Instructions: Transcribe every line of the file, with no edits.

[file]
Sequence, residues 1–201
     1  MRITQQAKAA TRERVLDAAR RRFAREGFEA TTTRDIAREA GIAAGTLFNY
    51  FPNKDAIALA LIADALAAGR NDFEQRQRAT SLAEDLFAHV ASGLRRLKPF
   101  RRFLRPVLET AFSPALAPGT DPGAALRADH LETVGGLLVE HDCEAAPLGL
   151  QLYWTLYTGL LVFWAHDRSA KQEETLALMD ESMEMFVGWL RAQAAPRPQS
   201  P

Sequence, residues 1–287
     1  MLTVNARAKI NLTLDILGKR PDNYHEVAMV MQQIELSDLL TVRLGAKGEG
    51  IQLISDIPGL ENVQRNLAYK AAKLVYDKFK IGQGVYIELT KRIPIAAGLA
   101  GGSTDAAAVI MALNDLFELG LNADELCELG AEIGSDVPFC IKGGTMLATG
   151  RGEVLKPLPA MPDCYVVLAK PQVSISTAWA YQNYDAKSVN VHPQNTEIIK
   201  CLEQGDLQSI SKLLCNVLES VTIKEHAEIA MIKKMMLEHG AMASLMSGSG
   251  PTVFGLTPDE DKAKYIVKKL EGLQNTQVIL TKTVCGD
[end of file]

Sequence, residues 1–201
     1  MRITQQAKAA TRERVLDAAR RRFAREGFEA TTTRDIAREA GIAAGTLFNY
    51  FPNKDAIALA LIADALAAGR NDFEQRQRAT SLAEDLFAHV ASGLRRLKPF
   101  RRFLRPVLET AFSPALAPGT DPGAALRADH LETVGGLLVE HDCEAAPLGL
   151  QLYWTLYTGL LVFWAHDRSA KQEETLALMD ESMEMFVGWL RAQAAPRPQS
   201  P

Sequence, residues 1–287
     1  MLTVNARAKI NLTLDILGKR PDNYHEVAMV MQQIELSDLL TVRLGAKGEG
    51  IQLISDIPGL ENVQRNLAYK AAKLVYDKFK IGQGVYIELT KRIPIAAGLA
   101  GGSTDAAAVI MALNDLFELG LNADELCELG AEIGSDVPFC IKGGTMLATG
   151  RGEVLKPLPA MPDCYVVLAK PQVSISTAWA YQNYDAKSVN VHPQNTEIIK
   201  CLEQGDLQSI SKLLCNVLES VTIKEHAEIA MIKKMMLEHG AMASLMSGSG
   251  PTVFGLTPDE DKAKYIVKKL EGLQNTQVIL TKTVCGD